Synopsis: Global agreement on taxing multinational corporations and way forward for India
After several years of negotiations, 136 countries, representing over 90 per cent of global output, finalised the agreement last week to tax multinational corporations. Since almost all members of the OECD’s framework on base erosion and profit shifting have agreed, tax avoidance for multinational corporations would become difficult once it’s implemented.
The two-pillar tax solution will now be presented before the finance ministers of the G20 countries this week and later at the G20 leaders’ summit.
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What is the need for such Agreement?
A global agreement on taxing multinational corporations had become necessary because of a variety of reasons.
Increasing Tax evasion: With the increasing dominance of digital technology and intellectual property, it became easier for large corporations to avoid taxes in their home countries or where the income was being generated by shifting profits to low-tax jurisdictions. The US has said it will end the race to the bottom in terms of corporate taxation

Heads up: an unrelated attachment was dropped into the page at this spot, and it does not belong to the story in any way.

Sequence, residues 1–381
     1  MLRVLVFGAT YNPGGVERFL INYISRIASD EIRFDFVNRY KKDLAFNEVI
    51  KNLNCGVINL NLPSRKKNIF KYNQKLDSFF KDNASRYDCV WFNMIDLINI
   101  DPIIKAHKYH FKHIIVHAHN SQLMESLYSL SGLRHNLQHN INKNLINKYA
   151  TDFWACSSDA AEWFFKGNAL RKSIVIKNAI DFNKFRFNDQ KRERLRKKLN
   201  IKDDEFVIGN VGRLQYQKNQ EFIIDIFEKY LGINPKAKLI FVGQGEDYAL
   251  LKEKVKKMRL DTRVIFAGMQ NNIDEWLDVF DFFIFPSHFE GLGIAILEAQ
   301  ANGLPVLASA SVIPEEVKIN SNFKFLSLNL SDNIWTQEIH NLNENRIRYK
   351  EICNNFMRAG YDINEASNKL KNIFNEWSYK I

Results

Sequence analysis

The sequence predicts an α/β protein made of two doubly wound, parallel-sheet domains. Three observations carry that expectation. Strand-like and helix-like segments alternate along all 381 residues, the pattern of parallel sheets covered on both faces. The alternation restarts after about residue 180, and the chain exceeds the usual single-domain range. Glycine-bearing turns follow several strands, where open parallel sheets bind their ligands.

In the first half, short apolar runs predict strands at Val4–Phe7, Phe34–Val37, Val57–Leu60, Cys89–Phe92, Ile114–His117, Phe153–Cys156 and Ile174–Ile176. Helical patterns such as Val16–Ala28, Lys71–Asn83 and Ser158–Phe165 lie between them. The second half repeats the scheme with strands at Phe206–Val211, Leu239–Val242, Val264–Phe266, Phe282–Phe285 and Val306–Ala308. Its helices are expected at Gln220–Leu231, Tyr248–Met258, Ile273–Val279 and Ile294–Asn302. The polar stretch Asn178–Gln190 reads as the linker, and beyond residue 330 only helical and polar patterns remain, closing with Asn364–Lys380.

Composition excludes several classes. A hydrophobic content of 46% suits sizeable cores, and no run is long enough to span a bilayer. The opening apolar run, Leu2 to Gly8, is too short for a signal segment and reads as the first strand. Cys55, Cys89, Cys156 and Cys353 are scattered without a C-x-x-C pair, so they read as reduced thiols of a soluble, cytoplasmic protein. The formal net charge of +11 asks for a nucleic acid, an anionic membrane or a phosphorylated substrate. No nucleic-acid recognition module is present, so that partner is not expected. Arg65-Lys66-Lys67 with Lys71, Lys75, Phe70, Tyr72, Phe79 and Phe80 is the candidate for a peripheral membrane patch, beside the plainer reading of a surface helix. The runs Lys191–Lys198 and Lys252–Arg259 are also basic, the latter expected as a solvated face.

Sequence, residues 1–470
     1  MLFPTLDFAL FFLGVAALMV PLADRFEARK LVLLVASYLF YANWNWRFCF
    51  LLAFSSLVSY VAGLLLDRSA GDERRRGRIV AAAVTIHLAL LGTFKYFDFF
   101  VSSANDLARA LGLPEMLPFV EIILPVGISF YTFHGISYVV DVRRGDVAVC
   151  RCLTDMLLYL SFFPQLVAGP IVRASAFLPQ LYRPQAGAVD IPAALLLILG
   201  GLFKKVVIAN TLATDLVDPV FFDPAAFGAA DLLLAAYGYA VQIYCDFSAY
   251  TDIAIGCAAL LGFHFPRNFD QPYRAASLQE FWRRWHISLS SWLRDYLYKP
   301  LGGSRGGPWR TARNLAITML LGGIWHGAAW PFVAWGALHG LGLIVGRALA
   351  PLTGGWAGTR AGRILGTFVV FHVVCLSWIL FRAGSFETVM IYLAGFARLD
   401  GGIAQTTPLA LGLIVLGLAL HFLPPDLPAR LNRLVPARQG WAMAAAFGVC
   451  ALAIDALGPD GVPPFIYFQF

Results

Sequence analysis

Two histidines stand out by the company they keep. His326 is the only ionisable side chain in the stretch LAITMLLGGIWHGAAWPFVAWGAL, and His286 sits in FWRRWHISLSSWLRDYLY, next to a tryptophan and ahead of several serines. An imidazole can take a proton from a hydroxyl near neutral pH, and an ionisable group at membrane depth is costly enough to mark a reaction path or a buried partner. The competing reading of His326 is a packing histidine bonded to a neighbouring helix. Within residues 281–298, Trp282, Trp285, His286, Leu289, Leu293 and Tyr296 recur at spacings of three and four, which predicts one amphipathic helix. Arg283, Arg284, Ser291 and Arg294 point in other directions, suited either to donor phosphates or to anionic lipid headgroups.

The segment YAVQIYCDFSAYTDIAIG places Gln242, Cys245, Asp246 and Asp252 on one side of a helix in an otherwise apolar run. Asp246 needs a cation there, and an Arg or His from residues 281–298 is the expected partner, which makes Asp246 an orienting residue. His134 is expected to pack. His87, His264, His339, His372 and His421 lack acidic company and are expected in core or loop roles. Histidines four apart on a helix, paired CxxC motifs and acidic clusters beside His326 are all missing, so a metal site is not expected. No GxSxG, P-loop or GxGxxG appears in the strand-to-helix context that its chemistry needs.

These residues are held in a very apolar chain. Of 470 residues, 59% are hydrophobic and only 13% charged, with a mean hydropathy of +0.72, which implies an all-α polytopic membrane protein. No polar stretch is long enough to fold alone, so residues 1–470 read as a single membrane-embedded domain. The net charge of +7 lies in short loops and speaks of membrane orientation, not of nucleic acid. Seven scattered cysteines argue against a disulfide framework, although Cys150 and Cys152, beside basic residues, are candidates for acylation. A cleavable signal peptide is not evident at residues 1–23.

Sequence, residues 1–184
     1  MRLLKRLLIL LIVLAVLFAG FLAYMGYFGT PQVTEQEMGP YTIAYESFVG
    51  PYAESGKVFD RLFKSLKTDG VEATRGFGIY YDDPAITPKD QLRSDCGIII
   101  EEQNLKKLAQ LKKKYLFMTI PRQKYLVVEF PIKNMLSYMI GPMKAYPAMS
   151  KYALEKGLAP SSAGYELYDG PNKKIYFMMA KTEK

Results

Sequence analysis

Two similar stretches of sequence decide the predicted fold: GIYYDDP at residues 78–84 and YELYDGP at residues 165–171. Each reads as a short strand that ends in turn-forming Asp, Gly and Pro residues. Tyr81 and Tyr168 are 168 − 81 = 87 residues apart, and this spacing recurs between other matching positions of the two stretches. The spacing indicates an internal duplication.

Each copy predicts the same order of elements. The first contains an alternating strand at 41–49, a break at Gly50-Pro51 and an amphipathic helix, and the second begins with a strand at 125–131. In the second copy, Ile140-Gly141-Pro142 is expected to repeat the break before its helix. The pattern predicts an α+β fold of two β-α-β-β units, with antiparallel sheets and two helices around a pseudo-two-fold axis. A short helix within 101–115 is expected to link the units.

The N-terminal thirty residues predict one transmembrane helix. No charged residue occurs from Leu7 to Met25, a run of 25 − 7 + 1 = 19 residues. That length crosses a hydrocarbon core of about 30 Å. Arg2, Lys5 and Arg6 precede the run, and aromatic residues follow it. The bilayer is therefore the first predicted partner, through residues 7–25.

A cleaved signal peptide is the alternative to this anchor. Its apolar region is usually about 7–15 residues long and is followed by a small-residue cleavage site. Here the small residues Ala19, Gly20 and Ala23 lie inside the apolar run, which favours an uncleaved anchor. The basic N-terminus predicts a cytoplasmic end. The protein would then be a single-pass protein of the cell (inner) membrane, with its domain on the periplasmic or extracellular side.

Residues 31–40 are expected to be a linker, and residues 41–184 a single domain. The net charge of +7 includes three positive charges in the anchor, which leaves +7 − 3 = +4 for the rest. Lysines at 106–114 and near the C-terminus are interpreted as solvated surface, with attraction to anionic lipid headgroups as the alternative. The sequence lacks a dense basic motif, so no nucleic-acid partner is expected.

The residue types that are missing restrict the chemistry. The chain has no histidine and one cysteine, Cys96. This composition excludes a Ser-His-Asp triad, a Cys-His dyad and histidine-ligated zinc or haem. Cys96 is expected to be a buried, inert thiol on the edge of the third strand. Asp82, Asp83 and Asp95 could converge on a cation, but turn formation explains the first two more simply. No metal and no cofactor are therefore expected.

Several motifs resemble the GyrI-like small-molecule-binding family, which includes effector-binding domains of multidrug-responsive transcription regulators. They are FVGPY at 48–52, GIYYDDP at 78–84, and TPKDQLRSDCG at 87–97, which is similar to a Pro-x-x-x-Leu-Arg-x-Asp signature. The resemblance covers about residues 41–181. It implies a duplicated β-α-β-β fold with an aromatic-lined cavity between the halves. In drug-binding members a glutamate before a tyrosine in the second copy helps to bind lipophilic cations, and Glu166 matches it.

Need for increased fiscal resources: The agreement was also being driven by the need to raise more revenue to finance the increasing demands on national budgets in several countries, particularly after Covid-19.
To ease friction between countries: The deal is expected to provide stability to the international tax system and reduce overall friction.
What is the way forward for India?
Through equalisation levy India has collected about Rs 1,600 crore in the current fiscal year so far. India will need to withdraw such taxes once the agreement is implemented.
Given the potential for digital services in the country, it is important to make sure that the government doesn’t lose out on revenue, and that multinational firms pay their fair share in India.
Once the new tax rules are accepted and implemented, it will be extremely difficult to get them changed. Thus, India should use the upcoming G20 meetings to press its position.
Source: This post is based on the article “Taxing multinationals” published in “Business Standard” on 12th October 2021.